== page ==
Marco Imhof, another Swiss basketball buddy, said the Korean was tough and fast, good at both shooting and dribbling. "He hated to lose. Winning was very important," recalled Imhof. Pak Un also liked action films featuring hand-to-hand fighting, particularly those starring the Hong Kong kung fu star Jackie Chan, and played combat games on a Sony PlayStation.

This picture of a focused, competitive young man matches what until now has been the only firsthand account of Kim Jong Un. That was provided by a Japanese sushi chef who claims to have worked in Pyongyang as a cook for the Kim family. The chef, who wrote a book on his experiences in Japanese under the pseudonym Kenji Fujimoto, described the boy as strong-willed, proud and "boss-like."

During his time in Liebefeld, friends remembered, Pak Un showed scant interest in politics and never vented publicly against Americans. Instead, he worshiped American basketball stars. He spent hours doing meticulous pencil drawings of Chicago Bulls superstar Michael Jordan.

At his spacious apartment on Kirchstrasse, said one friend who visited, Pak Un had a room filled with American basketball paraphernalia. He proudly showed off photographs of himself standing with Toni Kukoc of the Chicago Bulls and Kobe Bryant of the Los Angeles Lakers. It is unclear where the pictures were taken. On at least one occasion, a car from the North Korean Embassy drove Pak Un to Paris to watch an NBA exhibition game.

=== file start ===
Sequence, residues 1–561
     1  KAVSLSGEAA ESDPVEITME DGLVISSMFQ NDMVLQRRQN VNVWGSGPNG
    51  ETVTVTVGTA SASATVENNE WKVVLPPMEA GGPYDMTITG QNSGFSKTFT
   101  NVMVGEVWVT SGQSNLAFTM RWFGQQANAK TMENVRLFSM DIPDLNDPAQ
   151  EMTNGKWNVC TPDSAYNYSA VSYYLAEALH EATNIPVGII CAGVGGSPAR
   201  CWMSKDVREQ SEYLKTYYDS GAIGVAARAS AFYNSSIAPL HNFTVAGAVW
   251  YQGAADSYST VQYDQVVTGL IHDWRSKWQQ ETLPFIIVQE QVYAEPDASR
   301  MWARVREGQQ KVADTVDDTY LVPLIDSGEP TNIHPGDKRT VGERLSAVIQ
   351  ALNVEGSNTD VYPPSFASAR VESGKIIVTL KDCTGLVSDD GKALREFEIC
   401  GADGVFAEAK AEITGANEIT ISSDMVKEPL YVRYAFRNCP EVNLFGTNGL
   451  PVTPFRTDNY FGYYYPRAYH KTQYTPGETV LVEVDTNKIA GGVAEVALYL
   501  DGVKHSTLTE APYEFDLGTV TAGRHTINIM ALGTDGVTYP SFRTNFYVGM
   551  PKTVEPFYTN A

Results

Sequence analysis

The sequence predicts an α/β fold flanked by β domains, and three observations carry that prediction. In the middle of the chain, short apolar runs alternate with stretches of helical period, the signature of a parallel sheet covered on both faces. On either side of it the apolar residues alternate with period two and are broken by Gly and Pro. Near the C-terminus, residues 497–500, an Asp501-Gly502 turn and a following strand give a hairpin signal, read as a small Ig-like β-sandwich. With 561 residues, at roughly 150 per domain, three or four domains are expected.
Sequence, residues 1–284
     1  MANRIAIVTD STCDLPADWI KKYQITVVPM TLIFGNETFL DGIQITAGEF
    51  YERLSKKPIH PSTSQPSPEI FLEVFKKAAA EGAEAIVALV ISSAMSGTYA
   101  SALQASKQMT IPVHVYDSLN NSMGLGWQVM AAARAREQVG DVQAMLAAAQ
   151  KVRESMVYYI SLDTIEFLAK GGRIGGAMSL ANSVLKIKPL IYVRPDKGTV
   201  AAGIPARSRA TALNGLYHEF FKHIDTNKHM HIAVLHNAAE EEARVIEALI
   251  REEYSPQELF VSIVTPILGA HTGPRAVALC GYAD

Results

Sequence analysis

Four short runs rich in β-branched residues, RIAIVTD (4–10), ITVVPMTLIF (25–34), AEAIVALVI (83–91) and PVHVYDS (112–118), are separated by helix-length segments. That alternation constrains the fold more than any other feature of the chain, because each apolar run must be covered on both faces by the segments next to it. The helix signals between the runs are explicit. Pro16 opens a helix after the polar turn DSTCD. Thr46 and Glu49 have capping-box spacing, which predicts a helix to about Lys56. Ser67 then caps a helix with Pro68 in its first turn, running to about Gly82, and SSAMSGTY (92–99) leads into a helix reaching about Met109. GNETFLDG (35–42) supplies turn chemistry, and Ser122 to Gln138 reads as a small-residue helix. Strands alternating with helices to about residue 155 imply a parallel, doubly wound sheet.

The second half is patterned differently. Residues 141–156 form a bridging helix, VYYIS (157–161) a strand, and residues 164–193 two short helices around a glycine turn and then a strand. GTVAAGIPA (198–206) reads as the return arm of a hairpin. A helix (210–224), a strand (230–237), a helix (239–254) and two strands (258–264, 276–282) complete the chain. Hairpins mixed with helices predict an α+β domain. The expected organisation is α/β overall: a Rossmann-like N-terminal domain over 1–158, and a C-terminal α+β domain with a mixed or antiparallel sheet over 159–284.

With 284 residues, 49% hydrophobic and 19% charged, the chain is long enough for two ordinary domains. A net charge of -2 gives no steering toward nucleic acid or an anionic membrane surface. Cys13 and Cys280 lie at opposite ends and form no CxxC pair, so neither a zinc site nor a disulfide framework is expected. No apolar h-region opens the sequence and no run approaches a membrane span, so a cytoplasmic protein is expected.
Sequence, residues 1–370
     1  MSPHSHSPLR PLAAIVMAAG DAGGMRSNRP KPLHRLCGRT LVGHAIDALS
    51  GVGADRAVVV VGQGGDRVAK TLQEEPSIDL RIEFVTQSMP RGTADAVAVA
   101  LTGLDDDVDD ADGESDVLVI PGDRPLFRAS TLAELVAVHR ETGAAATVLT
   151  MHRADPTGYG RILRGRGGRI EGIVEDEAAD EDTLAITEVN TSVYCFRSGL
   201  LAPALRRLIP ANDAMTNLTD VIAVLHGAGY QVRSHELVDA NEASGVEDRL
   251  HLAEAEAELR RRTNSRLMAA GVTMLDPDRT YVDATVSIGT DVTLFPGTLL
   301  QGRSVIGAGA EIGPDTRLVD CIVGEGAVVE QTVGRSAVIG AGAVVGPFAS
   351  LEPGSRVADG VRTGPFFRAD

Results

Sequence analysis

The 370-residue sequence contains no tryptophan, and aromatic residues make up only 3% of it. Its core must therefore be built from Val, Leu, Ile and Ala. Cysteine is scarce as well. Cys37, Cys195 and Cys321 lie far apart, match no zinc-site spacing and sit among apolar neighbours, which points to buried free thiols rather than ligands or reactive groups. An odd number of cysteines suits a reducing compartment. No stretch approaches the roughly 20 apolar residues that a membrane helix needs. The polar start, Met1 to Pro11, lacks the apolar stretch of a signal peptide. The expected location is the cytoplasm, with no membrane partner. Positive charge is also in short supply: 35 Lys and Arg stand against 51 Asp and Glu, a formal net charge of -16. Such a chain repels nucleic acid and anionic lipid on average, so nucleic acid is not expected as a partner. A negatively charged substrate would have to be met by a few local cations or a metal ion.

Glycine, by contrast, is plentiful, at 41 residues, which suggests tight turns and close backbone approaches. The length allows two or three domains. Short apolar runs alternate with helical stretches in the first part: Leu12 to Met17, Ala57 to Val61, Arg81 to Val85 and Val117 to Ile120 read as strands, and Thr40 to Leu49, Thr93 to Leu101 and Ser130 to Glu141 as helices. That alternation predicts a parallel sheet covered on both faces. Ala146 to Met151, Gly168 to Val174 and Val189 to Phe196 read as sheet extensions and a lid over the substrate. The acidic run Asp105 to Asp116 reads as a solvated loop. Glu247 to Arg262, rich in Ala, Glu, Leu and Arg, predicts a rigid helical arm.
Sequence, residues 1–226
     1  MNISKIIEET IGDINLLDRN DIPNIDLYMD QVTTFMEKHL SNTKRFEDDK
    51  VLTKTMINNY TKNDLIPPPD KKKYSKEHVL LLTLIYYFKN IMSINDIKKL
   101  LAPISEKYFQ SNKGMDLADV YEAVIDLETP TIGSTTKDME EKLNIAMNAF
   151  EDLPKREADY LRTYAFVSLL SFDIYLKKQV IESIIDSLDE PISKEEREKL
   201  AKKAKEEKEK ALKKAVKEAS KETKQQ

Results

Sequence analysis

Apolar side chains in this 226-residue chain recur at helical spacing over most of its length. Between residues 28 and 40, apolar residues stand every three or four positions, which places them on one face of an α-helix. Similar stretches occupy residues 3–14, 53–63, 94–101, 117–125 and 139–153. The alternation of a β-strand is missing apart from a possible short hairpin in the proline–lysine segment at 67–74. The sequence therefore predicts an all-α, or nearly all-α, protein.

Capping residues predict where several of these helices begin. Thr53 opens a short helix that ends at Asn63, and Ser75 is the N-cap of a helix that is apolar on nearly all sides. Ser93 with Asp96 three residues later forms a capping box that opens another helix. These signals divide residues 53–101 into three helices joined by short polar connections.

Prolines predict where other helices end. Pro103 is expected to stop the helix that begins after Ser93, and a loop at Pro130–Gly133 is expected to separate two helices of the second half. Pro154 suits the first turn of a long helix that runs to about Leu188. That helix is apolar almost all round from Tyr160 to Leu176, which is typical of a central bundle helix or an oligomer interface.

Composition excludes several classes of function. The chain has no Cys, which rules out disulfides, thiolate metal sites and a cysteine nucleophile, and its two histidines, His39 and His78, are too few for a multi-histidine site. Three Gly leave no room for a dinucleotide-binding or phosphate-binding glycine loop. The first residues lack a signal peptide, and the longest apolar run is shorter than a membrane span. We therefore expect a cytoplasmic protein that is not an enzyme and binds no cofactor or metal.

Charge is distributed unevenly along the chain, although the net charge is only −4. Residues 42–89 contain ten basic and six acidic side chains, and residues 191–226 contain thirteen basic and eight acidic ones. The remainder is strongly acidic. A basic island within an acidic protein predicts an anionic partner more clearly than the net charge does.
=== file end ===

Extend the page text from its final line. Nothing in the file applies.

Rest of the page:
With no parents in sight, Pak Un was watched over and waited on by North Koreans who appeared to combine the duties of servants, guardians and guards. A pair of Korean women, says Imhof, often observed him playing basketball and sometimes videotaped the action. A Korean-speaking man frequently hovered nearby. "It was a bit strange," Imhof said. But he figured this was just "a Korean thing."

Pak Un's ultimate guardian in Switzerland was Ri Tcheul, North Korea 's veteran ambassador in Bern. Ri has served in the Swiss capital for 21 years, making him the city's longest-serving foreign envoy. Over the years, he has turned the embassy into the nerve center for Pyongyang's sometimes furtive contacts with businessmen, bankers, officials and aid workers from across Europe.

Studer, the local education official, said school authorities never had reason to question whether Pak Un really was the son of an embassy employee. Now that he's gone, he added, "there is no need to go into the matter."

Pak Un's former friends are more curious and say they'd like to know the real identity of the teenager they used to hang out with. They last saw him in 2000, when he suddenly vanished. He left no address and didn't tell anyone where he was going.

"We thought he was ill or something and would soon be back. He never came to school again. He totally disappeared," said Kovacevic, his former friend. He and others asked teachers what had happened. They had no idea either. "We were just playing basketball -- now he is going to be a dictator," said Kovacevic. "I hope he is a good leader, but dictators are usually not that good."